Sonala Olumhense writes | Why I am not excited by this week’s USA-AFRICA summit

by Sonala Olumhense

Africa-Jonathan-and-Obama

Hopefully, Washington has a solution for leadership indifference and hypocrisy.  Otherwise this week’s summit has only a relevance span of one month. 

Tomorrow in Washington, DC, the United States hosts the US-Africa Summit, a three-day meeting with Africa’s leaders.  I hope the event is a tremendous success.

I am not sure how that success is to be measured.  Summits tend to end with pious resolutions or declarations: some kind of promissory note that reflects the scripted story of the event.

In that respect, Africa is a wealthy continent, for she owns large mountains of resolutions from summits and conferences.

Hopefully, this week’s summit will not be remembered as just another talk show about Africa, but I am not holding my breath.

We only have to cast our glance back a little bit to remember that following the collapse of the United Nations New Agenda for the Development of Africa in the 1990s, the international community in 2002 put together the New Partnership for Africa’s Development (NEPAD).  I happened to have been present on that occasion in New York as one African leader after another eloquently pledged to ensure the success of NEPAD, and therefore, the development of Africa.

Twelve years later, however, it is difficult to see how NEPAD has transformed the fortunes of Africa.

But there was life before NEPAD, just as there has never been a shortage of multilateral initiatives aimed at attacking the problems of our continent.

Among them: the United Nations System-wide Special Initiative on Africa; the Lome Convention (also known as the ACP-EU Partnership Agreement); the Cairo Plan of Action; the United States’ Partnership for Economic Growth and Opportunity in Africa Initiative; the Tokyo International Conference for African Development; the G8 Okinawa Declaration; the Africa Process and various other processes such as Skagen and Copenhagen and Cotonou.

Of particular significance, world leaders met in New York in the Millennium Summit in 2000.  Following their reflection on the world and the challenge of the future, they issued the Millennium Declaration, upon which the Millennium Development Goals (MDGs) were subsequently developed.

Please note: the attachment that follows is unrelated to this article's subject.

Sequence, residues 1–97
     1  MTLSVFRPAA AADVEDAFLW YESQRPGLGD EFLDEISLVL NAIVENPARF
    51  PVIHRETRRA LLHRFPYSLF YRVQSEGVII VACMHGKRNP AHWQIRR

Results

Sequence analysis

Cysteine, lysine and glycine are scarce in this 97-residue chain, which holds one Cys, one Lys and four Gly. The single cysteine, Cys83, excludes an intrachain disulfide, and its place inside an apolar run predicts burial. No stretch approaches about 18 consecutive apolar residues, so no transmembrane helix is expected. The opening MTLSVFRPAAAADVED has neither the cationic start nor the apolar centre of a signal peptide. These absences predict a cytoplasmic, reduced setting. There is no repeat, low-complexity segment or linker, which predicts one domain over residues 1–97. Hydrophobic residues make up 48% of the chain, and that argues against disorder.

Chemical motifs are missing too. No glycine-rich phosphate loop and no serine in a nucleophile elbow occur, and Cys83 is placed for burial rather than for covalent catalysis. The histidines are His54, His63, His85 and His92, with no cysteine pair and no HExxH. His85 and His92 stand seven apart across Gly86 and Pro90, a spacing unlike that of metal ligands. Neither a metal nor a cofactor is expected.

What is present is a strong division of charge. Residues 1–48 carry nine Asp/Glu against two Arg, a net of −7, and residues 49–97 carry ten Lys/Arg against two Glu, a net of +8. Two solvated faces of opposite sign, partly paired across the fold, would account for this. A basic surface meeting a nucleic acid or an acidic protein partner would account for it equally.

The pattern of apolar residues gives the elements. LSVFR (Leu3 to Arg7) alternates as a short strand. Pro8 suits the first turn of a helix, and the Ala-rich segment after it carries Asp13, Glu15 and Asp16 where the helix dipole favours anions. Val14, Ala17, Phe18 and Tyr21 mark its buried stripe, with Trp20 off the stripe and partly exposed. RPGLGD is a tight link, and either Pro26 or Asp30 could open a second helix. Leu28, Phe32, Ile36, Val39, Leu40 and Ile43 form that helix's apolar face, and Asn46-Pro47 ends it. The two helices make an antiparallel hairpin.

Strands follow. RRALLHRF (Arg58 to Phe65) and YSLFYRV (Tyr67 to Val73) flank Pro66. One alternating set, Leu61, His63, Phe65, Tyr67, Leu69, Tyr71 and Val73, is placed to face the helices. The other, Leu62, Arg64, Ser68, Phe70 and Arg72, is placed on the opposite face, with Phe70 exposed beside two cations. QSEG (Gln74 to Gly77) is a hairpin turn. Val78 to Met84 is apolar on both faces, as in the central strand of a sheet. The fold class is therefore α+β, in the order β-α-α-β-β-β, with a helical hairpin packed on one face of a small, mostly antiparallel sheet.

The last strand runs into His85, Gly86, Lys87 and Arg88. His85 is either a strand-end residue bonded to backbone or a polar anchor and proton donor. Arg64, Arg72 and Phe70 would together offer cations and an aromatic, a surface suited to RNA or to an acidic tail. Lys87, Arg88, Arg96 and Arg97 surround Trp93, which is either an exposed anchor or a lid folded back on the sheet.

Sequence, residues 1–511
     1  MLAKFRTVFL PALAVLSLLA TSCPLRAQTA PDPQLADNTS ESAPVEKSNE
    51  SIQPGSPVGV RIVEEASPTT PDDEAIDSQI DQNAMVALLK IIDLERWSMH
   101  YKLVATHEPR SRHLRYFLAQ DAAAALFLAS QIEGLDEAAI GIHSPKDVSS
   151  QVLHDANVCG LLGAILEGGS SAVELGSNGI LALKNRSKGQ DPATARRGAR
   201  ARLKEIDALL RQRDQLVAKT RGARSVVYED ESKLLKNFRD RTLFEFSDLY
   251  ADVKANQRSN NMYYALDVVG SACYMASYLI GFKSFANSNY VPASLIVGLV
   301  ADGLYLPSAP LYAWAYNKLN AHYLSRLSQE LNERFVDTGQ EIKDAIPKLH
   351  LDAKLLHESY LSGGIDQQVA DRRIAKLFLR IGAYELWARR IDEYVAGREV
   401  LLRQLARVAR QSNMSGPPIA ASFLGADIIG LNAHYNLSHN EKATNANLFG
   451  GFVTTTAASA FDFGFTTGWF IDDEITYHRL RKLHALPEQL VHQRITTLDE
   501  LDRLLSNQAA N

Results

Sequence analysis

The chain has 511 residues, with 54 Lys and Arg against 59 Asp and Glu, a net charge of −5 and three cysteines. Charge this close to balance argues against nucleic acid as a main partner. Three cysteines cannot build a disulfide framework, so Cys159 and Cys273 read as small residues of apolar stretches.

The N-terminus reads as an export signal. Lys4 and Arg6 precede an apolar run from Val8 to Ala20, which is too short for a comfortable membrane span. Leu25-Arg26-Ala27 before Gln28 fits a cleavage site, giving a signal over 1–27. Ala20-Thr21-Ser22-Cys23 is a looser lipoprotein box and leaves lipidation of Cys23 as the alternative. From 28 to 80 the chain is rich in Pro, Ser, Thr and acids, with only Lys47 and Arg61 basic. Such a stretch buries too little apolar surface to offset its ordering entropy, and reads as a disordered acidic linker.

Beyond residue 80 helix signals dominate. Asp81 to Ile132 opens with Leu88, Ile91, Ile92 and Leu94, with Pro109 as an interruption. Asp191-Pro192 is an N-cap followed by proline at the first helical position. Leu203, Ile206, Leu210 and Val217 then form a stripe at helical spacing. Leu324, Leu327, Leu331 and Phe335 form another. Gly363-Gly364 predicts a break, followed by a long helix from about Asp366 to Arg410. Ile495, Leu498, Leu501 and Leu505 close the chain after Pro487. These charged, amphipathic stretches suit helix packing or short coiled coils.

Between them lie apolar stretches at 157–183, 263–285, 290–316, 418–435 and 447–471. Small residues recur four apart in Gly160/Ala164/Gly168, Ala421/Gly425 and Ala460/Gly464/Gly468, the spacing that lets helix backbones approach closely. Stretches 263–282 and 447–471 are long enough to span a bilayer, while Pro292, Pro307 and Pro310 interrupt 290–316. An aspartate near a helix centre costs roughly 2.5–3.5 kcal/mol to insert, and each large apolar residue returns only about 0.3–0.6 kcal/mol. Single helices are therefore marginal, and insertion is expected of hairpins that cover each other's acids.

That was particularly significant for Africa.  No peoples, no continents, and no futures stood to benefit more from the MDGs that those of Africa.

Next year, the MGDs would have run their full course.  Regrettably, of the countries or regions that will declare respectable returns, Africa is unlikely to be listed.  When you think about it, this week’s Summit in Washington DC is proof of that.

Africa’s problems have continued to mount.  We continue to lack infrastructure.  We continue to suffer reverses in health and education.  While some progress has been made in the area of AIDS, which was a dismal concern 15 years ago, corruption and poor governance continue to hamper political and economic development in many African countries.

In other words, 15 years of the MDGs, and the African child still lacks as much basic essentials as hope for the future.

Here is a personal story: In the past couple of months, I have attended several graduation ceremonies in my neck of the woods, and spoken to other families whose graduations I could not attend.  These are African students, many of whom graduated at the top of their classes.

The sad part: few of those graduates want to go to Africa to work or study; none wants to go— or return—to Nigeria, my country.   They all cite such concerns as insecurity, bad governance, infrastructure, and unemployment.

This is not too difficult to understand: In 2002, Nigerian President Olusegun Obasanjo stood before the UN General Assembly and called for an international convention against it.  The UN listened to him, and just the following year, the General Assembly adopted the United Nations Convention Against Corruption.

The irony is this: three years later, Obasanjo tried to buy himself an unconstitutional third term as Nigeria’s president.